The meticulously arranged, content revealing titles include: Typology in Folktale Studies (1), The Concept of Type (2), The Motif (3), The Emic and Etic (4-5), The Deconstructive Point of View (6), Variant and Version (7), The Ontological Point of View (8), and The Historical Basis of an Ontology of the Type (9). Consideration of How Old are Folktales? (10), leading into Proverb and Fable: Oral Wisdom Literature in Antiquity (10.1), informs Morphology and Structuralism (11). Typological Status of “The Abduction of the Beautiful Wife” (12) presages Motifs of “The Abduction of the Beautiful Wife” (13) which itself includes 8 subsets: Birth or Origin (13.1), The Swan Maiden (13.1.1), Childhood and Marriage (13.2), Perilous Beauty of the Wife (13.3), Abductor (13.4), Abduction (13.5), Recovery (13.6), Fate of the Abductor (13.7), Reunion of Husband and Wife (13.8), and Orpheus (13.8.1). Edmunds concludes with The Syntagma (14) and Methodological Reflections (15) in which he treats “hybrids not as curiosities of folklore but in order to establish a larger typological or perhaps metatypological context for defining the differentiae of “Abduction”.” (60).The extraordinary, tightly woven analyses of Chapter 1 are further augmented by an exhaustive Appendix 1 (247-301). This catalogues all text examples of “The Abduction of the Beautiful Wife” originating from Africa, Eurasia and Asia, Europe and Iceland, and North America.

Chapter 2, Dioscuri has ten subsets as it examines the myths involving the brothers of Helen and the different versions involving them in bride theft. Following an Introduction (1), Edmunds treats The Abduction of Helen by Theseus and Perithous (2) and Indo Europaean Cognates (3) as well as those in The Caucasus (4) and The Baltic Egg (5). He then examines Cults of Helen and the Dioscuri (6), and presents an interesting discussion on The Name Helen and The Nature of Names (7),  An Indo-Europaean “Abduction” (8) is further subdivided into The Abduction in Indo-Europaean Epic (8.1) and The Three Functions of Georges Dumezil and the Trojan Myth (8.2). Considerations of The Indo-Europaean “Abduction” and the Question of Origins (9) introduces a summary of the chapter’s findings, Conclusion (10).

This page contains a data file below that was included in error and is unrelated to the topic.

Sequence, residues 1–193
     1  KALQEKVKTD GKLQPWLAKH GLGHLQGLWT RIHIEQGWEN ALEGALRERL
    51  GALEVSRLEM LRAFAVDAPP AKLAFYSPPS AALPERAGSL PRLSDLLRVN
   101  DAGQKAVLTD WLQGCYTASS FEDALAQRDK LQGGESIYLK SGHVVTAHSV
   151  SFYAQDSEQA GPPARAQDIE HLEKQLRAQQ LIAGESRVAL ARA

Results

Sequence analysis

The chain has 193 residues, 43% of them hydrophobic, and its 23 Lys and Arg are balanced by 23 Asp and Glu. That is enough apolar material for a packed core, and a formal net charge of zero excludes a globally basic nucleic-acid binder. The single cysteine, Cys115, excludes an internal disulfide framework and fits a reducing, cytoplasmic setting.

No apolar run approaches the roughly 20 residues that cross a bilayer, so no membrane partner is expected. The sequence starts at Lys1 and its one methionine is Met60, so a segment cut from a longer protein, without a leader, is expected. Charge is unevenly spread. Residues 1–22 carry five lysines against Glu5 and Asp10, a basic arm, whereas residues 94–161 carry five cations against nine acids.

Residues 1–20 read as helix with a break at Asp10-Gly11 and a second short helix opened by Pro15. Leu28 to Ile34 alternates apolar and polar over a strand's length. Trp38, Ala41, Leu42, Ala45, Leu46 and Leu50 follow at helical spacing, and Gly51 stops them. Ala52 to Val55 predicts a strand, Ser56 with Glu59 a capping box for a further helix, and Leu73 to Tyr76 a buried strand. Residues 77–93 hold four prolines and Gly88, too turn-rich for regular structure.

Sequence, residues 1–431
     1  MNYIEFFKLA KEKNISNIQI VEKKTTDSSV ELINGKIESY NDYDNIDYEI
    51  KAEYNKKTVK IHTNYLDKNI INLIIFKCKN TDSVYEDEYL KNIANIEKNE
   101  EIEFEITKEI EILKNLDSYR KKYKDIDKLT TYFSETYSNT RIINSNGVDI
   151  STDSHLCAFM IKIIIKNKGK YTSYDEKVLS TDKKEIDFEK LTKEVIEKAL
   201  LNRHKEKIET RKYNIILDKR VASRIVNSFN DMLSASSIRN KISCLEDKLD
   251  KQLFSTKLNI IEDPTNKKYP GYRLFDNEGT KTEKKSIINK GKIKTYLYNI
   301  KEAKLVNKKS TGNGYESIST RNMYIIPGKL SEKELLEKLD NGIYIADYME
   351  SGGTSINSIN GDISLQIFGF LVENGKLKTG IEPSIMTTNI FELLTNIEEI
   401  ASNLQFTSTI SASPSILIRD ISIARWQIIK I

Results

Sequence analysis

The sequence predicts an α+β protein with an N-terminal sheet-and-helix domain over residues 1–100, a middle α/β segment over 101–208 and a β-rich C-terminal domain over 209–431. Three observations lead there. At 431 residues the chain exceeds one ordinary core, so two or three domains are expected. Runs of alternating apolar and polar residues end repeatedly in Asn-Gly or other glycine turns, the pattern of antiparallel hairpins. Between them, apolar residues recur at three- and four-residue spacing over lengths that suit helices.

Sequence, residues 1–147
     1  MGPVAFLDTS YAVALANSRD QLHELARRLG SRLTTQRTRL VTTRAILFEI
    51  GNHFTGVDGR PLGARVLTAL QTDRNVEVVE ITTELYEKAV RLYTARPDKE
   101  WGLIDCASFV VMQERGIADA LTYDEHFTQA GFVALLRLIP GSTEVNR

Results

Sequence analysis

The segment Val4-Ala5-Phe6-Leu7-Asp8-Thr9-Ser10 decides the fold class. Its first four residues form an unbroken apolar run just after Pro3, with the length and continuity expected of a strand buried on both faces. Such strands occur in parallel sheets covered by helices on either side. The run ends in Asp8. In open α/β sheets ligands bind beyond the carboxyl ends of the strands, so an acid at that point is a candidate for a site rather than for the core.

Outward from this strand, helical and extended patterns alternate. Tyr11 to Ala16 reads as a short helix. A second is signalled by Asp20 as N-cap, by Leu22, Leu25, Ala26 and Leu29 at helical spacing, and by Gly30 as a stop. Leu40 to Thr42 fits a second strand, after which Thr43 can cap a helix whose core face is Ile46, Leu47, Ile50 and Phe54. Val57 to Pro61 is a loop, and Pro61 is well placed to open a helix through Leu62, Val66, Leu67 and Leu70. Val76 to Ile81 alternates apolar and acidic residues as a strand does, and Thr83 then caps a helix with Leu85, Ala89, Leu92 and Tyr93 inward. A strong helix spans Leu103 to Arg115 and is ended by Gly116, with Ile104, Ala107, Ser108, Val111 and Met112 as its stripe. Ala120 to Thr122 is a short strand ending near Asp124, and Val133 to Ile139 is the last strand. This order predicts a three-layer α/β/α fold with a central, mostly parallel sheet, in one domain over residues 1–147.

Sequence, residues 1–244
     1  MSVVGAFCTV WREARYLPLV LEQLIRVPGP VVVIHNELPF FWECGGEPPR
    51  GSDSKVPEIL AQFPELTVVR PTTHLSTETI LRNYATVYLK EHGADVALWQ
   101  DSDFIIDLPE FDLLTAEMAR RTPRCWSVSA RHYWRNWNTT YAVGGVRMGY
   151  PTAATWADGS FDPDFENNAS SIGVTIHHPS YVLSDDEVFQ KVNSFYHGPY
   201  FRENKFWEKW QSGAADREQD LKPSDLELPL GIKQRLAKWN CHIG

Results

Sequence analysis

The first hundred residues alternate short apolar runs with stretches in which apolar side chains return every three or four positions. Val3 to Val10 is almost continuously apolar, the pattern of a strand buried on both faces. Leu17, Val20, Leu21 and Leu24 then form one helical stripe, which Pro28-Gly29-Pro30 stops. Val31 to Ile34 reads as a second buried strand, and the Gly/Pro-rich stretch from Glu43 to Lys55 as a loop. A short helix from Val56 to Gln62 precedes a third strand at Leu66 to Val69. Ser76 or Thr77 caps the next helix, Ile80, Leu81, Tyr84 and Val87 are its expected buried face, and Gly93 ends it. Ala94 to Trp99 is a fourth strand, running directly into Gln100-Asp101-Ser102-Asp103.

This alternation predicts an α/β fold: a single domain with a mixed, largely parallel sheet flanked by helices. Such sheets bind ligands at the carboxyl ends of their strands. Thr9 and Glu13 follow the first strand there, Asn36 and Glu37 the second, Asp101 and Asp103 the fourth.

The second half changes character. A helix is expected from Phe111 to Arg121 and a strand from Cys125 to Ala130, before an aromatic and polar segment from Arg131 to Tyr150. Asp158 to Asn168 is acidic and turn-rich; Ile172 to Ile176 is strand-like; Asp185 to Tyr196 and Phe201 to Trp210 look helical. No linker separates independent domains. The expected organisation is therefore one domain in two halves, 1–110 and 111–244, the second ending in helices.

Chapter 3 Helen Myth, asserts that in spite of its ubiquitous nature, the myth is really about her “life” story.  The multiple variants must receive attention in any effort to handle the literary sources such as Helen in Homer, Helen in Epic Cycle, Helen in Lyric as well as representations in media such as pottery, paintings and sculpture. The 14 subsets begin with Parentage, Birth, Siblings (1) and Childhood (2). An engaging discussion on Wooing of Helen and Marriage to Menelaus (3) is augmented by a brief comment on Helen’s Motherhood (4) and a transition to the core consideration of Helen’s interactions with Paris (5). The treatment of Helen’s Abduction (6) is expanded by a full discussion of her Abduction in Art (6.1). Following a brief commentary on Consequences in Sparta of Helen’s Abduction (7), Edmunds presents variants on Helen’s alleged Stay in Egypt and Eidolon (8) before treating the topic of Helen at Troy (9). Recovery of Helen by Menelaus (10) consists of six subsets including The Trojan Horse (10.1), Helen’s Role in her Recovery (10.2), Menelaus’s Happy and Unhappy Reunions with Helen (10.3), Helen Bares her Breasts (10.4), Himation (10.5), To the Ships, with His hand on Her Wrist (10.6), and lastly Reflections on the Reunions (10.7). Edmunds then turns to the topic of the Return of Menelaus and Helen to Sparta (11) and follows up with reflections on After the Return (12) and the Death of Helen (13). The Chapter ends with a Comparison of Myth of Helen with “Abduction” Type (14). This reviewer found Chapter 3 to be most informative, particularly because of frequent illustrations of art objects well integrated with text commentary. Appendix 2, coordinated with the subset titles throughout the chapter, lists objects, dates, places of find, episode and notes for all objects considered in the text.